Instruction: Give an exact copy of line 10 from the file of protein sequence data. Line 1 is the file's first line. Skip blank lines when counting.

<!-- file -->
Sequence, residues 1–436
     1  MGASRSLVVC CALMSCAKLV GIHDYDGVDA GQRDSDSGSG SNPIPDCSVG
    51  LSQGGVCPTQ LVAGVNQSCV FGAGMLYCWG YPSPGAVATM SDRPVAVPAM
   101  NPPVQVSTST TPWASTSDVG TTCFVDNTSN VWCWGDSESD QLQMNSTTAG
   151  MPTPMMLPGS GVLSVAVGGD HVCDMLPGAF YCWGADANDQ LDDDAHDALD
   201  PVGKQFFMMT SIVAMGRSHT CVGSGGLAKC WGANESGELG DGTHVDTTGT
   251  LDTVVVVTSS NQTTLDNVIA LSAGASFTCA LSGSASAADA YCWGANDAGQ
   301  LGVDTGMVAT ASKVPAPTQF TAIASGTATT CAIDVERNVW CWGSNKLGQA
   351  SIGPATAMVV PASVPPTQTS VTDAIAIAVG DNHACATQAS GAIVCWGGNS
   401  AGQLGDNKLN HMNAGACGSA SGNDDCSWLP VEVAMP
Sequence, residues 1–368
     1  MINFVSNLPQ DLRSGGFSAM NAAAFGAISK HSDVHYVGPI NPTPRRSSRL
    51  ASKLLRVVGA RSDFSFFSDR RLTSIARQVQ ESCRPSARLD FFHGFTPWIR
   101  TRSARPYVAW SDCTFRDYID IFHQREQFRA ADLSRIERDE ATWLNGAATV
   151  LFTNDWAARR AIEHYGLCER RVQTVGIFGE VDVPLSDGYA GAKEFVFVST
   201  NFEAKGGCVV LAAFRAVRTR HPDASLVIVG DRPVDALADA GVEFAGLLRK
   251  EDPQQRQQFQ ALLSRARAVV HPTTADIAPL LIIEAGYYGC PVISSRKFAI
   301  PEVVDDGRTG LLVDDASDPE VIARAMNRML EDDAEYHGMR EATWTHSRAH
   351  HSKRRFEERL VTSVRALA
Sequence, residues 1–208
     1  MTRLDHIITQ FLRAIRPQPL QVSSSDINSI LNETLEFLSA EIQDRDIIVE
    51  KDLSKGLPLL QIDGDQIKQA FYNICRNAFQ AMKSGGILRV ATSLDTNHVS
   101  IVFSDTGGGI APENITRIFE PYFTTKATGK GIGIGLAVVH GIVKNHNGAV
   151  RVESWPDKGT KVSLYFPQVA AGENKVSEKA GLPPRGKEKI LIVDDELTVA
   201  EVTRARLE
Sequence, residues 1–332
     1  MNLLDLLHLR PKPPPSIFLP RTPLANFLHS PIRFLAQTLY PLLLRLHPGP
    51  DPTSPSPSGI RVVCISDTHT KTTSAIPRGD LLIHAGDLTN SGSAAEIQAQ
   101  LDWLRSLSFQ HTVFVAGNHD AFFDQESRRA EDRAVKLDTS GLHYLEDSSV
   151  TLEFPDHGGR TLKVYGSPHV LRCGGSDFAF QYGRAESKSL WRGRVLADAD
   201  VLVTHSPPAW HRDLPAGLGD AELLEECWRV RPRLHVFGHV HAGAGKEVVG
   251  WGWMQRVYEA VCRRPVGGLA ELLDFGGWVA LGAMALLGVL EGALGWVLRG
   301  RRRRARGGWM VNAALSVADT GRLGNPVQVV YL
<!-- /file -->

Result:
   401  AGQLGDNKLN HMNAGACGSA SGNDDCSWLP VEVAMP